What is a cataract?
A cataract is a progressive clouding of the lens of the eye that result in a decrease in vision. In the picture on the right, the pupil should be black, but a cataract is causing the haze. The diagram illustrates where in the eye cataracts form. Cataracts are very common. In fact, everyone will get a cataract if they live long enough. In that sense a cataract is considered more “normal aging” than a disease.
What causes cataracts?
Cataracts are caused by oxidative damage to lens cells, which cause them to change from clear to cloudy. Oxidative damage normally occurs in the cells of our body, which leads to other aging changes we all experience. Oxidative change can be hastened by UV light exposure (the harmful sun rays that burn skin and promote skin cancer), and a diet poor in anti-oxidants. Genetics can play a role in early cataract development; in fact some people are born with a cataract. A cataract can be associated with certain medications, like Prednisone, and certain diseases, like diabetes. Inflammatory disorders of the eye, like Iritis or Uvietis, can cause cataracts. Still another cause of cataracts may be trauma to the eye.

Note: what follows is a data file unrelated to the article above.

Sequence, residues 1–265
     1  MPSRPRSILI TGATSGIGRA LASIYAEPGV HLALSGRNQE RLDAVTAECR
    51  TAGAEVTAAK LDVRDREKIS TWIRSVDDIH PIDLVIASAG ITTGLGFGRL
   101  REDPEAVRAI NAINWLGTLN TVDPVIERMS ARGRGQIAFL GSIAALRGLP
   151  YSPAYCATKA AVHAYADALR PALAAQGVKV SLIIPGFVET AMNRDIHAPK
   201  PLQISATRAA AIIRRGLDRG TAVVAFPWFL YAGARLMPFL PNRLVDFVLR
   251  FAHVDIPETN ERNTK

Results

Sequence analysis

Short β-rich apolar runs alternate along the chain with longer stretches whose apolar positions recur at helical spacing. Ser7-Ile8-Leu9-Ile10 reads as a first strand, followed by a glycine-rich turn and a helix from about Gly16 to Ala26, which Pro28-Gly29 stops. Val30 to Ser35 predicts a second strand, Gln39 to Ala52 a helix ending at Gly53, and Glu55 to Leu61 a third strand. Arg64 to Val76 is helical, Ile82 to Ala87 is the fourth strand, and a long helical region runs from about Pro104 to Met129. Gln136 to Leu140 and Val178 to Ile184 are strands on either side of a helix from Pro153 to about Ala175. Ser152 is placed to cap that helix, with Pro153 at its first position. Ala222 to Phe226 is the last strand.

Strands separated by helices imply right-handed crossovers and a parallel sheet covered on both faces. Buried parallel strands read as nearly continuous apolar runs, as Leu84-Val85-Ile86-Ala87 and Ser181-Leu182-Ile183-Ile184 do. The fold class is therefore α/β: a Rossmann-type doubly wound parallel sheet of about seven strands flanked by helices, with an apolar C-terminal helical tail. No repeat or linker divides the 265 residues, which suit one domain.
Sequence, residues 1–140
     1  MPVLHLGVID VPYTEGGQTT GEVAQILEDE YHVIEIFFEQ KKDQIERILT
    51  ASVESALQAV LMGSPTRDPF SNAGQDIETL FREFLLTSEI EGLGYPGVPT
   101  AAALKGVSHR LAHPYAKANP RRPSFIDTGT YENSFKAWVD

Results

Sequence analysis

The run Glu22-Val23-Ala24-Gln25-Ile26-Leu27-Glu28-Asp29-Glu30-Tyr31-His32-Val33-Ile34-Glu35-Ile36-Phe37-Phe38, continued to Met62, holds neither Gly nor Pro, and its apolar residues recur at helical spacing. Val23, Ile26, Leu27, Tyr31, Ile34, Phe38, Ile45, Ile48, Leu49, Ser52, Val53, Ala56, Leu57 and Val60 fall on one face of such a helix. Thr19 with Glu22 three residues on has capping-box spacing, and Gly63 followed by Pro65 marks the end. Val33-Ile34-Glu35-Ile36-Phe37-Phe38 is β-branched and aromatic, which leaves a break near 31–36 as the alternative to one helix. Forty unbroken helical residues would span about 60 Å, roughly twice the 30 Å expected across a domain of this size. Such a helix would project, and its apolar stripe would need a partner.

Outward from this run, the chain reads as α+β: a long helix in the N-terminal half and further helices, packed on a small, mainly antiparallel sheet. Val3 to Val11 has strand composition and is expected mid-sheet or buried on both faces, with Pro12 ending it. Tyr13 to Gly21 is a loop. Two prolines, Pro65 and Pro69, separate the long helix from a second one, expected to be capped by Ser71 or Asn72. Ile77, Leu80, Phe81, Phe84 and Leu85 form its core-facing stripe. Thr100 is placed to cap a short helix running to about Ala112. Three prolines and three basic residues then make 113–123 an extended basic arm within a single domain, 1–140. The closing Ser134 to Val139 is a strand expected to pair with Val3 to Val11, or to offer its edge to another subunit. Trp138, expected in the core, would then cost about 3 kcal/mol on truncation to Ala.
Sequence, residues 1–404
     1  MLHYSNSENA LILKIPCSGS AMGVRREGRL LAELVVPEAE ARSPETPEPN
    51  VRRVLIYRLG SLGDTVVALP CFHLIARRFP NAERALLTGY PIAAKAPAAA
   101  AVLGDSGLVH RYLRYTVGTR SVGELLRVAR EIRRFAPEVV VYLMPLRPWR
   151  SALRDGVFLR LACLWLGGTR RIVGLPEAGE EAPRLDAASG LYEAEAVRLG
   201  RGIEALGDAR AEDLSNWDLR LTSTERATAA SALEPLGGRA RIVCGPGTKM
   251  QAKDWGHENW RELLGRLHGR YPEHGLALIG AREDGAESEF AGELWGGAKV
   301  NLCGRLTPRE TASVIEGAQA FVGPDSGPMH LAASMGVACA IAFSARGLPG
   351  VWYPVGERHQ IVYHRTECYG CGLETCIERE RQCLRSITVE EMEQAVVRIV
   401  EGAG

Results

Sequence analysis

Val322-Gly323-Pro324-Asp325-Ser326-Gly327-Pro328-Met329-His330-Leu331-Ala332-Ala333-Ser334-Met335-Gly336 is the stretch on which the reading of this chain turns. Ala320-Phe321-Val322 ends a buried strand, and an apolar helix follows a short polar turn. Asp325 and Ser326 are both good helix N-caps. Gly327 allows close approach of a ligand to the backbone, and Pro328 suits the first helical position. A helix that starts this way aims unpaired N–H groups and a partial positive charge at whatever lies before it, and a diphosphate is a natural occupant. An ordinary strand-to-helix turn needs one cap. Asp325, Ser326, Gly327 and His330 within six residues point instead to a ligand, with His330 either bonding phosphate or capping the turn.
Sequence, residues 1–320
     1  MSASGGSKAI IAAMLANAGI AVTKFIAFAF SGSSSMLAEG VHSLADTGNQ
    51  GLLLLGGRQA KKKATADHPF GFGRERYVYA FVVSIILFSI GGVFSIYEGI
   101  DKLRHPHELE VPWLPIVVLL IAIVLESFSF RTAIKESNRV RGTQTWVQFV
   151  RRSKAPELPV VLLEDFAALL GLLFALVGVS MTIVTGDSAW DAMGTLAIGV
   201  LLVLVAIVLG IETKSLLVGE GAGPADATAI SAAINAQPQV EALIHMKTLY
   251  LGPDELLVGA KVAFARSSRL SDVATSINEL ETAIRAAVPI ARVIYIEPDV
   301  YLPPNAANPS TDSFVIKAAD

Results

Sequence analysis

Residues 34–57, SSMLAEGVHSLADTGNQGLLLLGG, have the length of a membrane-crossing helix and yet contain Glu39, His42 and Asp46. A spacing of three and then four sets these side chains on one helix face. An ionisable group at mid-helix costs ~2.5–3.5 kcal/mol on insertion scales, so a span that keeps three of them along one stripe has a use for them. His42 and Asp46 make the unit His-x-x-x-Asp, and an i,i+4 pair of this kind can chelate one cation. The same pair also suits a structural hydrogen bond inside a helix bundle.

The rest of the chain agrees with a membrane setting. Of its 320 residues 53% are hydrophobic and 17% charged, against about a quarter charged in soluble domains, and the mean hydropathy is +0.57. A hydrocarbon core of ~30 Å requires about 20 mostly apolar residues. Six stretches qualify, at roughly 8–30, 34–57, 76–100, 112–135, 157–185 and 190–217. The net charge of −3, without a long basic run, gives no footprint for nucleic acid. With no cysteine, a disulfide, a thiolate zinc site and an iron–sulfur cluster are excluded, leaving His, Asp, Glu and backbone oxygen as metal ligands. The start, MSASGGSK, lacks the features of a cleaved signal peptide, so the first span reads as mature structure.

What are the symptoms of a cataract?
It is common to compare the function of the eye to a camera. The eye’s lens focuses light onto the retina in the back of the eye; much like a camera’s lens focuses light onto the film. A cataract blocks light from entering the eye, causing the vision to be blurry, like if the lens of a camera was blurry. Other common symptoms of a cataract include glare and halos around lights at night, difficulty seeing in the dark, double “shadow” vision, and impaired vision in bright light.
Examples of common functional effects of cataracts would include difficulty seeing to drive, especially in unfamiliar areas when it is necessary to read road signs. It can become difficult to engage in some hobbies, like seeing to aim a rifle, or follow a golf ball. Some people are concerned about not being able to read smaller print on the TV, like game scores or news type. Night vision, with glare, can be very bothersome, limiting driving. Sometimes bright light on a sunny day, on a lake, or sun through a window can degrade vision. Detailed near activities, like threading a needle or stitching, can become difficult. Reading grey-on-grey type, like small newspaper print, can be impaired.